It's hard to tell who is more excited about the two-year deal the Bengals reached Friday with James Harrison.
Head coach Marvin Lewis or his locker room.
Both have watched Harrison define the Steelers defensive dominance over the AFC North while pushing the Bengals around during the past decade. Now in one of those moves you just never thought would happen and still seems a little surreal, he's expected to bring his 64 career sacks and winning intimidation to Cincinnati's sixth-ranked defense as the starting SAM backer.
"I think it's an awesome signing," defensive tackle Domata Peko said in a text. "You know we have a great defense here already, so to add a person like that to our defense is awesome. He brings a lot of toughness, experience and swagger. We just got better as a team today."
Left tackle Andrew Whitworth, who has gone head-to-head against Harrison twice a year for the past four seasons, thinks it's as big an addition in the locker room as it is on the field.
"It's always exciting to add a guy that has been a great leader and great player in this league," Whitworth said. "He's a guy that plays the game with intensity it takes to win and has done it all."
It certainly doesn't qualify as your typical Bengals signing. Not with Harrison turning 35 in 15 days and a high-profile player in their division, two traits the Bengals usually stay away from.
But Lewis is convinced the Bengals have upgraded immensely at SAM and gives defensive coordinator Mike Zimmer another pressure option in a league that continues to rely more and more on the pass. As Pro Bowl defensive tackle Geno Atkins said earlier this week, "You can never have enough pass rushers."
"You can't let the offense dictate to you. You need to keep getting the edge for the defense and James helps us do that" Lewis said. "He's been a productive player for so long and he brings so much to the table for us."
Harrison also adds another deep layer to the emotional cauldron that is the Bengals-Steelers rivalry. Feeling snubbed when the Steelers asked him to take a 30 percent pay cut last month instead of approaching other aging defenders, Harrison took his 2008 NFL Defensive Player of the Year trophy and went looking for a job.
Harrison's tweet hit just the right note.
"Whodey!!!!!!!!!!! Hello Cincinnati!!!!"
When he got cut, Harrison reached out to Lewis but the deal took some time to take shape as the Bengals focused on re-signing their own. Harrison wanted to be close to his two sons in Pittsburgh. He wanted to play in the AFC North. He wanted to play for a good defense and Cincinnati fit the bill.
But this is how it works in the AFC North. Harrison was set to visit the Ravens, but that went by the boards when they signed Elvis Dumervil. In essence, the Denver fax machine ended up putting Harrison in Cincinnati. Agent Bill Parise brought Harrison in for a visit and a workout last week and once the two sides were able to hammer out the money that would be commensurate with his role in the 4-3, the deal got done. The SAM in Zimmer's defense traditionally plays about a third of the snaps, but the SAM the last two years, Manny Lawson, didn't rush the passer.
"We are where we want to be," Parise said. "It's a good fit with Marvin. Anytime you've got a great coach and a great player it's a great fit. Any time you sign James Harrison it's a great day. He's happy to be in Cincinnati and he's looking forward to playing in a new defense. That's something he's looking forward to."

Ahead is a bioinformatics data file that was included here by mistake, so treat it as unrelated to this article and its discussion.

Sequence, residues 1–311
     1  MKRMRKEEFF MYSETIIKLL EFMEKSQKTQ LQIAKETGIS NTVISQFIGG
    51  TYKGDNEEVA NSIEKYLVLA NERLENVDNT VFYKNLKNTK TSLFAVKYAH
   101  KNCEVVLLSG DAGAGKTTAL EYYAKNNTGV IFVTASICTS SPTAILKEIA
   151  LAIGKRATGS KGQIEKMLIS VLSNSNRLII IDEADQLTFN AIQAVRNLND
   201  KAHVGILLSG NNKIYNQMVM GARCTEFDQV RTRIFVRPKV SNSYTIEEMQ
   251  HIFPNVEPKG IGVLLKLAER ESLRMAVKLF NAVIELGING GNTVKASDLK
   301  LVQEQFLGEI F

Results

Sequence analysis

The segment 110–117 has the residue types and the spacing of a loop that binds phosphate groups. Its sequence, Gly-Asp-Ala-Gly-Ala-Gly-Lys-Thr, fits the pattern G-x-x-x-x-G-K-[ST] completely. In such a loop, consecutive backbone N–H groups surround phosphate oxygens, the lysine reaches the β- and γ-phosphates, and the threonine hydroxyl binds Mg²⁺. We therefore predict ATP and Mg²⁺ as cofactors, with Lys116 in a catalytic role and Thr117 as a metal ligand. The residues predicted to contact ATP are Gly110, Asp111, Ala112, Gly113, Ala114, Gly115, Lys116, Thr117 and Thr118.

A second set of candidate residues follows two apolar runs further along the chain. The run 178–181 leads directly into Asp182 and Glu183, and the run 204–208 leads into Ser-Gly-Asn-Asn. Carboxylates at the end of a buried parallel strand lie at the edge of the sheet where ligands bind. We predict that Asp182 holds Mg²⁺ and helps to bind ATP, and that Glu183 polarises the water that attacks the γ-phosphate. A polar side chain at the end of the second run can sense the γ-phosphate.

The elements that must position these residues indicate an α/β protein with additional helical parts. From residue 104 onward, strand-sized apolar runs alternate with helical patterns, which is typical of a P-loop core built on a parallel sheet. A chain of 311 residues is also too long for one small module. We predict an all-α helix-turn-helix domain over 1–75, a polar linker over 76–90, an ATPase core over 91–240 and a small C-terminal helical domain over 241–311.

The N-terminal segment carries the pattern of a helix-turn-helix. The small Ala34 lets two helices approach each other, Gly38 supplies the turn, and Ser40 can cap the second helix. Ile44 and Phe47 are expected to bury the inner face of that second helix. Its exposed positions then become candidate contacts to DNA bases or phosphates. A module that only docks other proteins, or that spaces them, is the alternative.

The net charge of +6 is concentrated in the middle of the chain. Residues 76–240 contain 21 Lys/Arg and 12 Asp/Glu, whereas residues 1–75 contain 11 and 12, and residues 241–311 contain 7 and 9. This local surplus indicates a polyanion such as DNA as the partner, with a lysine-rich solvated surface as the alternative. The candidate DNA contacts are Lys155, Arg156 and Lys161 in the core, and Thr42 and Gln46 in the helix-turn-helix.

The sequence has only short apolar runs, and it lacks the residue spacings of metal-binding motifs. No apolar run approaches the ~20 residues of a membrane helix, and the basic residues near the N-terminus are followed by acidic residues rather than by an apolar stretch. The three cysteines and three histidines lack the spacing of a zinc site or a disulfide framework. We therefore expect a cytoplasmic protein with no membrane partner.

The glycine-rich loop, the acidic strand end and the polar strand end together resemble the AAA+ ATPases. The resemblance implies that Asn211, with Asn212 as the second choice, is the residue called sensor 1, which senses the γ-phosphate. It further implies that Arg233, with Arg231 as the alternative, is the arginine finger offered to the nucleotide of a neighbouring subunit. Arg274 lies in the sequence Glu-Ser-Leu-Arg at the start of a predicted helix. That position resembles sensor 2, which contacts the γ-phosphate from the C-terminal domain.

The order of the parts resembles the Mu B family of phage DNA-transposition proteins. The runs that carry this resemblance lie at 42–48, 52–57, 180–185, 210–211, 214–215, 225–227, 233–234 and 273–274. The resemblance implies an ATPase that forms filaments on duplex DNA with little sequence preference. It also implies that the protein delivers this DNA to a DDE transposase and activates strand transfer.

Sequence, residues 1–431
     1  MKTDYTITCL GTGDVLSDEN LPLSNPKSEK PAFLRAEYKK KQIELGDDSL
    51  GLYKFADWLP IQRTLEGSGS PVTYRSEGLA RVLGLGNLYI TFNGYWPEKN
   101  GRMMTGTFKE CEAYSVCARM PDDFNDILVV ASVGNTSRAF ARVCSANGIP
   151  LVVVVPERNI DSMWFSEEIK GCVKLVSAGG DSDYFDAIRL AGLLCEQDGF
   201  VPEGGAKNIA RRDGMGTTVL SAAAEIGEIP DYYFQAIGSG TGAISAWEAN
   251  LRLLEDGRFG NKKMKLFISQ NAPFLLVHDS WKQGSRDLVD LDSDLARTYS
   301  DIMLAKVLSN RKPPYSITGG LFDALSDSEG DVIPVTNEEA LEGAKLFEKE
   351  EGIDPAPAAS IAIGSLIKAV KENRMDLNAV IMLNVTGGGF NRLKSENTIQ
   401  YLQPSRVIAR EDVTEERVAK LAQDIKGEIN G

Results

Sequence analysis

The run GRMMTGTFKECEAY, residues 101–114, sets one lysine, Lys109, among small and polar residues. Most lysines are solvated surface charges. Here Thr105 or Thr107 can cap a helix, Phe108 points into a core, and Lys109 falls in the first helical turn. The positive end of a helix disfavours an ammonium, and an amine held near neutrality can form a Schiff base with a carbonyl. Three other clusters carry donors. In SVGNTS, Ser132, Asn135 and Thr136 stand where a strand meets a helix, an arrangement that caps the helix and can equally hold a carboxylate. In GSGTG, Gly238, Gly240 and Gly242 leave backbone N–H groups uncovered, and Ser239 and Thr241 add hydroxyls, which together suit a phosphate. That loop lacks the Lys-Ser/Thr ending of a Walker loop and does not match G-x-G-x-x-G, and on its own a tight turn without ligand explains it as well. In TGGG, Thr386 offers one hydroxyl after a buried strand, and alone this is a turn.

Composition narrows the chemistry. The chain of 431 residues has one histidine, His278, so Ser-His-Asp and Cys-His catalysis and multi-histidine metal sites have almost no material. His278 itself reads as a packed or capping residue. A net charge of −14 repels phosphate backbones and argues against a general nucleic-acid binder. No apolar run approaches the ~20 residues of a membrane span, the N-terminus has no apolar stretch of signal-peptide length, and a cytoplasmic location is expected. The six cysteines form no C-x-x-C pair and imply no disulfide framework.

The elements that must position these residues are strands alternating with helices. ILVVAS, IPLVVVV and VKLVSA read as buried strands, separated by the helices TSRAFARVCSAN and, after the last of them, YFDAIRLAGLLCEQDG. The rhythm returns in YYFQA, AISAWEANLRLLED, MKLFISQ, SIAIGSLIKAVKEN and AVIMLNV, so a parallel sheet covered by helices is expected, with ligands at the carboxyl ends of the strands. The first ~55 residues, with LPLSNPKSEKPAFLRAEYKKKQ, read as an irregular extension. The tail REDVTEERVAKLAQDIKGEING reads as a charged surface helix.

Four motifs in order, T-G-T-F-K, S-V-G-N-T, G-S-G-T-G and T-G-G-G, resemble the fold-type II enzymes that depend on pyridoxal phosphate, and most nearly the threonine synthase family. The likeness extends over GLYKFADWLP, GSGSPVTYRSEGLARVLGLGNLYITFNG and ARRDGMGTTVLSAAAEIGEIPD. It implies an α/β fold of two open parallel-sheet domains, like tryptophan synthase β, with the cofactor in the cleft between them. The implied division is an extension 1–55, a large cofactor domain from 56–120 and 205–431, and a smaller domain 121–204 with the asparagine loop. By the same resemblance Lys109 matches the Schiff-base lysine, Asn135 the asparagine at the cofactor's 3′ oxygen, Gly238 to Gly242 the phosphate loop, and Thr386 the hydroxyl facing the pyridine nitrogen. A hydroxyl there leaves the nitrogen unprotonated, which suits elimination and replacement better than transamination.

There has been some concern externally about Harrison's ability to switch from a 3-4 to a 4-3, but Lewis and Whitworth don't see it.
"The days of a two-gap, 3-4 are pretty much gone. Everybody is pretty much playing a hybrid between a 3-4 and a 4-3," Whitworth said. "Even Pittsburgh. Sometimes it looks like they're playing an under 3-4, which kind of looks like an under 4-3. The only difference is that he was standing up instead of with his hand on the ground."
Whitworth, who has allowed just one sack to Harrison, thinks Harrison has plenty left as he heads into his 11th season and is now the Bengals oldest player with five months on cornerback Terence Newman.
"He had his knee surgery and missed training camp and still had six sacks and he was coming up with big plays," Whitworth said. "When they beat Baltimore (on Dec. 2), he beat (right tackle) Michael Oher for a sack and strip and it led to the winning field goal. He can still make those kind of plays."
Lewis has no doubt Harrison came make the move and be able to play both pass-rush end at times and linebacker at times, as well as blitz. There are those at Paul Brown Stadium that get excited about rolling out an occasional four-man front on third down that sports Harrison and 11.5-sack man Michael Johnson at the ends with end Carlos Dunlap moving inside with Atkins and his 12.5 sacks.
"He can adjust; he was their adjustor in Pittsburgh," Lewis said. "I have no doubt he can do it. He's got that flexibility and he's a smart, hard-working guy. But it all starts with the fact he's physical against the run."
The signing pretty much means that middle linebacker Rey Maualuga and WILL backer Vontaze Burfict are going to stay put even though some think Maualuga is a better SAM and Burfict a better MIKE. But the Bengals don't see it that way yet.
They're not wild about moving Burfict out of a spot he had 174 tackles as a rookie last season, and while they want Maualuga to get more consistent, they also look at their No. 7 and No. 6 rankings with him in the middle the past two seasons.
The deal also means the draftnicks can take Georgia linebackers Jarvis Jones and Alec Ogletree out of that No. 21 slot in the mock drafts. And any other linebacker for the Bengals in the early rounds.